To provide documentation on the course of the unity negotiations, the book contains the Guidelines for the Unification of the Armenian Church in America agreed to by the negotiators, most of the correspondence and communications between the negotiators, as well as most of the resolutions regarding unity passed by the Prelacy's National Representative Assembly over the past several years. There is also a resum‚ of the comments made by many of the Prelacy parishes as they studied, in accordance with the Guidelines, the proffered bylaws of a united diocese. Most revealing of the author's own attitude, and perhaps of the members of the church he leads, are excerpts from his addresses delivered to the National Representative Assembly in 1987 and 1995.

In his 1987 address, the Archbishop said:

"During these same years, when attempts at unity were being pursued between the two Armenian American dioceses, sister churches endeavored and succeeded in becoming united. In July 1983, the unification of two [branches of the] Presbyterian churches was consecrated. In various parts of the world, many churches are joining together. However, they differ from us in one aspect. When they wish to join together, they already begin to love and respect each other. They don't raise the issues of recognition or non-recognition, they establish new churches together, they develop educational and publishing projects together . . . they pray together so that unity may be realized. . . . [T]hey don't engage in academic disputes, they don't disseminate mistrust and hatred, they don't boycott each other, they live together and accept each other as they are. They don't try to change one another a priori. . . . The road is long; the obstacles, numerous; and the `old man' still lingers among us who is used to the old ways, the division, the isolation."

In his 1995 address, the Archbishop said:

"The election of Catholicos Karekin as Catholicos of All Armenians has brought about an opportunity for our many national and religious aspirations to come closer to realization than at any other time . . . . Within our own Prelacy we realize that we can no longer travel on the old roads. It is now necessary to take bold, sincere, brave and faithful steps in order to take the concept of a united diocese out of academic polemics, and out of the exhaustible committee environment. . . . let us come together in a process of commitment."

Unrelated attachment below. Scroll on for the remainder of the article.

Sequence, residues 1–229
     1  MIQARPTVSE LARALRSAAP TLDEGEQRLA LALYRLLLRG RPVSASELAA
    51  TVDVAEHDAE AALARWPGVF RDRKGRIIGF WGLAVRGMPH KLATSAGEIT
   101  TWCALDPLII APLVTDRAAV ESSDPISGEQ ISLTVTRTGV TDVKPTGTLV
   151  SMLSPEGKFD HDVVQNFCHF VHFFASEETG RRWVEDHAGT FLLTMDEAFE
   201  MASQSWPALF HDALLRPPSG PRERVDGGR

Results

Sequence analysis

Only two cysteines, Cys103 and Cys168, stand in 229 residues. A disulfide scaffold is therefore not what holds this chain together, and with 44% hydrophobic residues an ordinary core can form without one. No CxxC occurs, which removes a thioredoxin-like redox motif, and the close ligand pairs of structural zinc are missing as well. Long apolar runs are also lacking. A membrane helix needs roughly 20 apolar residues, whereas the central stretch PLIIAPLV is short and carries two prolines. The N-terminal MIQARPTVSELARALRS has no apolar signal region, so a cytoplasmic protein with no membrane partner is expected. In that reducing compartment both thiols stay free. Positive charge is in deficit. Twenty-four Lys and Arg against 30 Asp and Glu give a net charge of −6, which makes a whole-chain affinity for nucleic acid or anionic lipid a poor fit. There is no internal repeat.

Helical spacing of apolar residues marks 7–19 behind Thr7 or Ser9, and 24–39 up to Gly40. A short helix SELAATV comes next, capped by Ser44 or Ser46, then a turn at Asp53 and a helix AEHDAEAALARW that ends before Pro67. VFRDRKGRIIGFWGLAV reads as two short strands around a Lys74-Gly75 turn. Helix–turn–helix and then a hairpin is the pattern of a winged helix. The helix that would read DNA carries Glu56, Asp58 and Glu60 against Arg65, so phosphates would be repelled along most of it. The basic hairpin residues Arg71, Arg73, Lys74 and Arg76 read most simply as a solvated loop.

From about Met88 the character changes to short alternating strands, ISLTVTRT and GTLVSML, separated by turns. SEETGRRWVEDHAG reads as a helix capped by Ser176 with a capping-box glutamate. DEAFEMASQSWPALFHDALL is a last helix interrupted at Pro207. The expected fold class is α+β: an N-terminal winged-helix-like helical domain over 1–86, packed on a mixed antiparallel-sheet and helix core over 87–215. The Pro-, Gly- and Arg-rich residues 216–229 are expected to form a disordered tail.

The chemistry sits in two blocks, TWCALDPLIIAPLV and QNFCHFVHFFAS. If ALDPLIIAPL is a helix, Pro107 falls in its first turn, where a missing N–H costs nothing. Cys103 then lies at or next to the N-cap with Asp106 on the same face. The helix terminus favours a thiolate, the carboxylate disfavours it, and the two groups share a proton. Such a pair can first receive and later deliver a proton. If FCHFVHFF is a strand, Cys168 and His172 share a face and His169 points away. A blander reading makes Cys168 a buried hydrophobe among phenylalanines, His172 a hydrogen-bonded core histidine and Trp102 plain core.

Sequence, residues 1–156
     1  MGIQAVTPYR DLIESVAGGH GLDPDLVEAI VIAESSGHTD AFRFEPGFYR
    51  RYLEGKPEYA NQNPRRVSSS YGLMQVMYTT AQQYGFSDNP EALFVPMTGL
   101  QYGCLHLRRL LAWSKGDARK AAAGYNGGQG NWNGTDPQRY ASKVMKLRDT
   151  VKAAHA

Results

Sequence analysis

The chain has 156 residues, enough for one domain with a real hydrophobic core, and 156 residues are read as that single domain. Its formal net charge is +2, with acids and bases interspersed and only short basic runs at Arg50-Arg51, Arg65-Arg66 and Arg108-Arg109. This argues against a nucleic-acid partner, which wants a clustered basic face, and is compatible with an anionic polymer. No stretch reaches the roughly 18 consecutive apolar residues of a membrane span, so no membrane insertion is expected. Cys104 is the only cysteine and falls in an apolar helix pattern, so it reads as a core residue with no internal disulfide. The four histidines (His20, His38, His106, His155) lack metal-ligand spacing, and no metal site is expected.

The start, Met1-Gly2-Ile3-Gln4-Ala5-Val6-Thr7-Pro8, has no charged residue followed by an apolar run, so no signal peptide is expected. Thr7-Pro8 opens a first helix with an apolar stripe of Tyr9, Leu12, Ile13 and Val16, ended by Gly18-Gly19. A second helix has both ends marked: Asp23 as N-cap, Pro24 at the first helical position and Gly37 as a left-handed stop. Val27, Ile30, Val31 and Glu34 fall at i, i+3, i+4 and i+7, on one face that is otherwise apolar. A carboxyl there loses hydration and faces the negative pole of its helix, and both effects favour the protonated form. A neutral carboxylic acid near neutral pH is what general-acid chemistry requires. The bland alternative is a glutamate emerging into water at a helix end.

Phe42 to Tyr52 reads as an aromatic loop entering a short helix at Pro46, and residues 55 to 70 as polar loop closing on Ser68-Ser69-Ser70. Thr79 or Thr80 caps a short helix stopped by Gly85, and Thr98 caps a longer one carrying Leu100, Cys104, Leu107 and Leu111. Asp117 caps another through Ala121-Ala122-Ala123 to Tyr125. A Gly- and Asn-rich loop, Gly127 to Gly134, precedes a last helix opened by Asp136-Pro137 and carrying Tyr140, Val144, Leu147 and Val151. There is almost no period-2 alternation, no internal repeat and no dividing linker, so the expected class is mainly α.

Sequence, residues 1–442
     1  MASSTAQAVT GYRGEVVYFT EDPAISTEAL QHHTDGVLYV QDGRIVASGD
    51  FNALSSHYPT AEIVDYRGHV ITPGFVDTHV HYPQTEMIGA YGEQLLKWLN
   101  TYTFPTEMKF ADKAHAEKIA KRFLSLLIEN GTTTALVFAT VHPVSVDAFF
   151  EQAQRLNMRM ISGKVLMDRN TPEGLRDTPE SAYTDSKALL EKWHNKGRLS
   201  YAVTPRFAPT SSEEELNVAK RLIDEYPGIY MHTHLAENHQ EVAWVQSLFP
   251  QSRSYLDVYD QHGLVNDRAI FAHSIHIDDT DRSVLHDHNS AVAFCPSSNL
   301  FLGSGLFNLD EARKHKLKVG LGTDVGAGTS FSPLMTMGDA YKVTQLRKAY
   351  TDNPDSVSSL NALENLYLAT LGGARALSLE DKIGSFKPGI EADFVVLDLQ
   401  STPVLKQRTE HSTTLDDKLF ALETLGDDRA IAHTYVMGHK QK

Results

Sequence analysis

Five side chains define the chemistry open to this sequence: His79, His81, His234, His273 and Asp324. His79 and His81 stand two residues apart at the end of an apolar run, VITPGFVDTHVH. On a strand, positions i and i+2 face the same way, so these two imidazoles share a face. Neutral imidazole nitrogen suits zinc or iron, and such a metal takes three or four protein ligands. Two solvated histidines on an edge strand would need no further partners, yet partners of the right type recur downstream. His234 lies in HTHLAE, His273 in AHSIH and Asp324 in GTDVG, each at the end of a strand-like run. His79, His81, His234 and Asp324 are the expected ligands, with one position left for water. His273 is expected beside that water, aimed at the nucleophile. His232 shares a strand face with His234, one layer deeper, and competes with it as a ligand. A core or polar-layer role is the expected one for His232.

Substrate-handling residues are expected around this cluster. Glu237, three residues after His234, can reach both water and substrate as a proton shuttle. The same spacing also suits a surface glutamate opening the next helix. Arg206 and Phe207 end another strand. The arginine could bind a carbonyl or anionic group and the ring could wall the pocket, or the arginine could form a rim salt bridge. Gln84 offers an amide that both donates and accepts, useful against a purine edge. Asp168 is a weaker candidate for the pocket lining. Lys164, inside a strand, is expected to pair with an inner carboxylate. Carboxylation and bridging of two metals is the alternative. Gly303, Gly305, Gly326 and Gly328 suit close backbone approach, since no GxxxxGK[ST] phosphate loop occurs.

Following those words, the Archbishop lays out a program to bring unity through cooperation. He divides his program into three parts, the liturgical and pastoral, the parish, and the diocesan levels. On the diocesan level he proposes (1) the organization of joint meetings and seminars for youth groups and for women, (2) the organization of joint national events and major commemorations, (3) the organization of new parishes together as a part of a pilot project for the future unified diocese, (4) the convening of Prelacy and Diocesan national assemblies in 1997 simultaneously in the same city, to study the draft diocesan bylaws and to set the foundation for complete diocesan unity, and, finally, (5) the convening of a joint national assembly in 1998 as one united diocese.

In fact, the Archbishop proposes the establishment of an archdiocese in North America with as many as nine sub-dioceses in the east, the west, and in Canada. Certainly this radical idea must be carefully analyzed.

Finally, Archbishop Mesrob ends his book with these words,

"As we approach the Centennial of the Armenian Church in America established by Khrimian Hyrig in 1898, and the 1700th anniversary of [the establishment of] Christianity in Armenia, let us proclaim our diocesan unity as our gift to history, our forefathers, and for the future of our church and nation."

Surely, if we compare the spirit of the recently published Pastoral Letter of Archbishop Khajag Barsamian, Primate of the Diocese, with this history of The Armenian Church in America by Archbishop Mesrob Ashjian, we can conclude that unity of the Armenian church in North America, both administrative and spiritual, is a distinct possibility if the mutual hostilities within the community have not become so ingrained, and established power structures so defensive, as to prevent rational discourse and goodwill efforts to find a just solution to a longstanding and vexing problem.

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January 8, 1996